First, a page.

There is always the voice of Judas in us (not the Iscariot). Judas says to whom, Lord, what has occurred that only to us thou art about to manifest thyselef and not to the world? There is a kind of unbelief in us in his presence. The disciples, just before Jesus’ death, still expected him to be the Messiah-king of all the world, with earthly power.
The Spirituality of Eucharistic Adoration 4: ON THE DISTANCE BETWEEN US AND THE SACRED (28 April 2016)
I. ‘When ye see the ark of the covenant of the Lord your God, and the priests the Levites bearing it, then ye shall remove from your place, and go after it. Yet there shall be a space between you and it, about two thousand cubits by measure: come not near unto it, that ye may know the way by which ye must go: for ye have not passed this way heretofore.’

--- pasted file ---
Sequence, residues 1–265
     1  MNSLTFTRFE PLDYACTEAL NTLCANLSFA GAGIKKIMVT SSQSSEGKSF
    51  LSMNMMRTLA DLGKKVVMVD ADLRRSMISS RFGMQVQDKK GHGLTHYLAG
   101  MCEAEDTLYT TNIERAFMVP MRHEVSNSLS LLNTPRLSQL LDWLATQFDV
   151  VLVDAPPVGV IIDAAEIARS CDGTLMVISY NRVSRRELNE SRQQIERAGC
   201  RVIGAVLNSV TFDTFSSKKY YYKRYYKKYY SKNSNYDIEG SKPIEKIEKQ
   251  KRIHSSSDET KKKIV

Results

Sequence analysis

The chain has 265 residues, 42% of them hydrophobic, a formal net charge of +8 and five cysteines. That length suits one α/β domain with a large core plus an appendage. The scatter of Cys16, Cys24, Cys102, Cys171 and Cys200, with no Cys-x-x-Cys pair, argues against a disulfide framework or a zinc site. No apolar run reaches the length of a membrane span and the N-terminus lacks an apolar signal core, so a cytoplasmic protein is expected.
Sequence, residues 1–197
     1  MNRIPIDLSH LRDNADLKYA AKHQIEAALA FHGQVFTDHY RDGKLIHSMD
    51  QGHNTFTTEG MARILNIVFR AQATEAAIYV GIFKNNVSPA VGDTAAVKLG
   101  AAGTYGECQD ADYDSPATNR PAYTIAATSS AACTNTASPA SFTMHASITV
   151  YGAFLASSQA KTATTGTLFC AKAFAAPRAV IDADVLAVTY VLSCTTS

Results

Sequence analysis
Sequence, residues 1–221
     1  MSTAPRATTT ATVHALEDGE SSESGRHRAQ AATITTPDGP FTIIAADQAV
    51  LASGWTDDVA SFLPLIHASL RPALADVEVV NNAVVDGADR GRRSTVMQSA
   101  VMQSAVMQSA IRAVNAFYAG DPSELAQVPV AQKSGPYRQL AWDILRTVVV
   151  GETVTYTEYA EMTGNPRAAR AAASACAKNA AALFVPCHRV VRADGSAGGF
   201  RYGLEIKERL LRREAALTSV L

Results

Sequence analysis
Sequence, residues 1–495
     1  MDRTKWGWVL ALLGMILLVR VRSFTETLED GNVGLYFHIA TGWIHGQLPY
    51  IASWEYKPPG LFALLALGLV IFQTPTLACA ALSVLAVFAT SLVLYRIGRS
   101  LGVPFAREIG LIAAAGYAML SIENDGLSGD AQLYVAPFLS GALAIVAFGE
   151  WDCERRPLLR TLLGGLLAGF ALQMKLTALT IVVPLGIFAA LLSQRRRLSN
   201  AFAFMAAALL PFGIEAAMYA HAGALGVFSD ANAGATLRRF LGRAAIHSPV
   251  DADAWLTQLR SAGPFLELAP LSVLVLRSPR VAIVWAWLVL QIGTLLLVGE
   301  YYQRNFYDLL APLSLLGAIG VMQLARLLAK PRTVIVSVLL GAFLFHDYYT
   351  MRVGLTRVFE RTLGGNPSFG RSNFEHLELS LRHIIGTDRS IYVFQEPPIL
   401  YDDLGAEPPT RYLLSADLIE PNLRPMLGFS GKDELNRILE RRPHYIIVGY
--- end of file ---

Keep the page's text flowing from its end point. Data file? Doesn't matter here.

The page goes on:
This is an important scriptural passage on our relationship to Tradition. The Eucharistic presence with its ‘silence’ tells us a lot about this relationship. The presence of the Body of Christ makes us silent first. It challenges us. In order to enter into a conversation with our Lord, we have to ‘silence ourselves’. All understanding comes after building up this bridge….this bridge of love.
The ‘space’ between the Jewish people and their priests in following the ark of the covenant challenges us. It shows us that there is a ‘gap’ between the sacred ministry (‘priesthood’) and the ‘laity’. However much we would like to diminish this distance today, nevertheless, it remains. It proves to be indelible. This ‘gap’ or distance of following tells us that we need to respect God’s ways. We should never forget that he is a sovereign Lord. We must respect his radical otherness.